• A “next” value is mandatory except for internal types.
  • Additional arguments passed to the constructors might be added, as we did here with origin

The following code illustrates how the information is retrieved.

# .cstr_fetch_opts() takes a class and the dots and retrieves the relevant options
# if none were provided it falls back on the default value for the relevant opts_?() function
test <- function(...) {
  .cstr_fetch_opts("Date", ...)
}
test(opts_Date("as_date"), opts_data.frame("read.table"))
#> <constructive_options_Date/constructive_options>
#> constructor: "as_date"
#> origin:      "1970-01-01"
test()
#> <constructive_options_Date/constructive_options>
#> constructor: "as.Date"
#> origin:      "1970-01-01"

is_corrupted_?() function

is_corrupted_?() checks if x has the right internal type and attributes, sometimes structure, so that it satisfies the expectations of a well formatted object of a given class.

If an object is corrupted for a given class we cannot use constructors for this class, so we move on to a lower level constructor by calling NextMethod() in .cstr_construct().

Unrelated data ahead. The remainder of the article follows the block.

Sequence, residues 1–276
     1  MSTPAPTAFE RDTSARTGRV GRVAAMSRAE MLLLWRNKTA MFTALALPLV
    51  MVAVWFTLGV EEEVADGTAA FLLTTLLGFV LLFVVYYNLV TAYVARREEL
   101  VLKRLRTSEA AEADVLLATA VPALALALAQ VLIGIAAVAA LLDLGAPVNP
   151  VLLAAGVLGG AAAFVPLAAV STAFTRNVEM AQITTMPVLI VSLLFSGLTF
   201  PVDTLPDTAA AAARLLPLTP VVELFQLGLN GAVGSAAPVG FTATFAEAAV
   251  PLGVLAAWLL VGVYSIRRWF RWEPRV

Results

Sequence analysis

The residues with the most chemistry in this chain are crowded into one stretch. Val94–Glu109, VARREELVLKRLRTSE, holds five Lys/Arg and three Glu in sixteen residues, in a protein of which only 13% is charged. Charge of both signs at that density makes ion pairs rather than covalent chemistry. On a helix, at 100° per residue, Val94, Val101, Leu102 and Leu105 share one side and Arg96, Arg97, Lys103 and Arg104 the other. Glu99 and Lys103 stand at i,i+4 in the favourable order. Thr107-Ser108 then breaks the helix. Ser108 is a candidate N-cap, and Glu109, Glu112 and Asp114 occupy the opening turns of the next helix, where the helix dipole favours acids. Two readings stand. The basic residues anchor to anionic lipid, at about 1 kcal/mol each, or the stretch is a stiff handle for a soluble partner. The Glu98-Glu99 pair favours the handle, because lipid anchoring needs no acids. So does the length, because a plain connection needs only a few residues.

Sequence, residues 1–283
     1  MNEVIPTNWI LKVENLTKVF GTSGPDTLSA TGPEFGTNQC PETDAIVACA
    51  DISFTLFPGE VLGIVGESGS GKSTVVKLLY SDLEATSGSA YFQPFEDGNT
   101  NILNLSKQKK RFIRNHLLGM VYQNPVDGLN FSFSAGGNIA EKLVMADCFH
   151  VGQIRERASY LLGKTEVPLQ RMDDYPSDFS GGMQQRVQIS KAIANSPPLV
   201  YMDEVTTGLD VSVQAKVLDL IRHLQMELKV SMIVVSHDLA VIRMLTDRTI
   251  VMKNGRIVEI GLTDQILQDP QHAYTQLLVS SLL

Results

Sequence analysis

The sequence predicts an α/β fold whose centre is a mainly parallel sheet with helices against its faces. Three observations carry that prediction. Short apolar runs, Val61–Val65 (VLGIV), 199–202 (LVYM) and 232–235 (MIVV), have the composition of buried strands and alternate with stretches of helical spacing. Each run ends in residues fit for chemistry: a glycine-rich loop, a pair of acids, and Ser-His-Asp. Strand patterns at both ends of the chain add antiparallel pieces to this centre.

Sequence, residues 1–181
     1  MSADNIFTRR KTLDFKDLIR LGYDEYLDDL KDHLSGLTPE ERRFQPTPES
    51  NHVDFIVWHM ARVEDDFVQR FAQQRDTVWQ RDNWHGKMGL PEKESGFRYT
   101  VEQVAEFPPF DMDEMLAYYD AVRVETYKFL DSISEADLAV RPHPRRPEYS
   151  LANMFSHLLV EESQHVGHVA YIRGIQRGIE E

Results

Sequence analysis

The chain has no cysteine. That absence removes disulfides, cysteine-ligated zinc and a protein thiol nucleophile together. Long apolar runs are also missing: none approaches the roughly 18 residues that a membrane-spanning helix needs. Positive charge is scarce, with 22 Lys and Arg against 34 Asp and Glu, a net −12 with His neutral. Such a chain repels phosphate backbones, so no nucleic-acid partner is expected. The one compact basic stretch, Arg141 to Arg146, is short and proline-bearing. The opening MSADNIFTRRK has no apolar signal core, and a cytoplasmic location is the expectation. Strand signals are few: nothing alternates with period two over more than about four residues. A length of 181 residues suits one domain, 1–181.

This is important so that constructive doesn’t choke on corrupted objects but instead helps us understand them.

For instance in the following example x prints like a date but it’s corrupted, a date should not be built on top of characters and this object cannot be built with as.Date() or other idiomatic date constructors.

x <- structure("12345", class = "Date")
x
#> [1] "2003-10-20"
x + 1
#> Error in unclass(e1) + unclass(e2): non-numeric argument to binary operator

We have defined :

is_corrupted_Date <- function(x) {
  !is.double(x)
}

And as a consequence the next method, .cstr_construct.default() will be called through NextMethod() and will handle the object using an atomic vector constructor:

construct(x)
#> "12345" |>
#>   structure(class = "Date")

constructors

{constructive} exports a constructors environment object, itself containing environments named like classes, the latter contain the constructor functions.

It is retrieved in the .cstr_construct() method by:

constructor <- constructors$Date[[opts$constructor]]